My research interests are in the following areas:
- The effect of food model system microstructure on antimicrobial resistance and stress adaptation in pathogenic bacteria (specifically Listeria spp)
- The effect of natural antimicrobials (e.g. nisin), artificially added or produced in co-culture systems with natural microflora such as L. lactis
- Non-thermal food processing technologies: nisin (natural antimicrobial), ultrasound, cold atmospheric plasma on the (individual/combined) inactivation of pathogenic bacteria
Courses I teach on
Natural antimicrobials are of interest to replace traditional food decontamination methods: they are milder and maintain desirable sensory characteristics. However, efficacy can be affected by food structure/composition, thus structural effects in a co-culture pathogen/microflora system are investigated. Listeria was grown planktonically (liquid broth) or on a biphasic viscoelastic system, in monoculture with/without artificial nisin, or in co-culture with L. lactis (nisin/non-nisin producing). Microbial growth kinetics were monitored and advanced microscopy techniques were utilised to quantify cellular interactions and spatial organisation.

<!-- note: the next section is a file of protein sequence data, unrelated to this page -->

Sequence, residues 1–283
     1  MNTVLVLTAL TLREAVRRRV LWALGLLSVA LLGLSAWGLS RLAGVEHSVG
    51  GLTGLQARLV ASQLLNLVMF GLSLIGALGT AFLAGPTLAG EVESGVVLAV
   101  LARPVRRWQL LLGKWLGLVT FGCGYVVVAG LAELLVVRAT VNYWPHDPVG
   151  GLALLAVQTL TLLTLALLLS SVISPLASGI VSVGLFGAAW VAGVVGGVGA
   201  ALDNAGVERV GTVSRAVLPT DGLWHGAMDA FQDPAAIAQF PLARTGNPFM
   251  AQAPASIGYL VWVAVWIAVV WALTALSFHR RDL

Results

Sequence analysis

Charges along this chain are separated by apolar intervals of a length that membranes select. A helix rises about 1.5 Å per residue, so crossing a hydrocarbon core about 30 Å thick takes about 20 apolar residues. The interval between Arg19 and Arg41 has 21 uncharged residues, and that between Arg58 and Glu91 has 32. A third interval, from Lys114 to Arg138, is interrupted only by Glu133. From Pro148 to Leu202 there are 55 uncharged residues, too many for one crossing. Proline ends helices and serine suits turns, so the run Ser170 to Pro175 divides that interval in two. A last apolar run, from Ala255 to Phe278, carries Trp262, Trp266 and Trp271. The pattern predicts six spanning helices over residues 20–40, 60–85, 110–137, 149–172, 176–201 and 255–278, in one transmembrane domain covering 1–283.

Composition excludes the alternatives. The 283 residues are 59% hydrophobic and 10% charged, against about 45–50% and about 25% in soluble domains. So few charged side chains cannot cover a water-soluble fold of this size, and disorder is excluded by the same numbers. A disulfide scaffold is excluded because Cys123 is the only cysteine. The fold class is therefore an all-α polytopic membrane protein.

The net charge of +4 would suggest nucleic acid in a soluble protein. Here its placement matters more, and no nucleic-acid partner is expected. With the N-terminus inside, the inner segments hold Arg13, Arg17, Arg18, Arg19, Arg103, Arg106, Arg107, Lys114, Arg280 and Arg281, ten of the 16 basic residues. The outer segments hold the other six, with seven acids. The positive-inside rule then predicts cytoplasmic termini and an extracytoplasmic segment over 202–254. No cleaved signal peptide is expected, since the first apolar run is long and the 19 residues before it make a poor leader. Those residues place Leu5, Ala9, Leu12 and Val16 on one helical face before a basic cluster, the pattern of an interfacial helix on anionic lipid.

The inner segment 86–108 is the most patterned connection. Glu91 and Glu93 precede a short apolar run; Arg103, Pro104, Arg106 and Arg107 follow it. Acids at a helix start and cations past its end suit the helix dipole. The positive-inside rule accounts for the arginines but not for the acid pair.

Microstructural effects are observed on the kinetics, with differences in monoculture/co- culture. Significant microscopic differences are observed in spatial organisation and colony size. We are the first to observe changing growth location for all species in monoculture/co- culture, with differences in colony size/organisation through stationary phase. This study provides insight into the environmental stress response/adaptation of Listeria grown on structured systems in response to L. lactis and natural antimicrobials.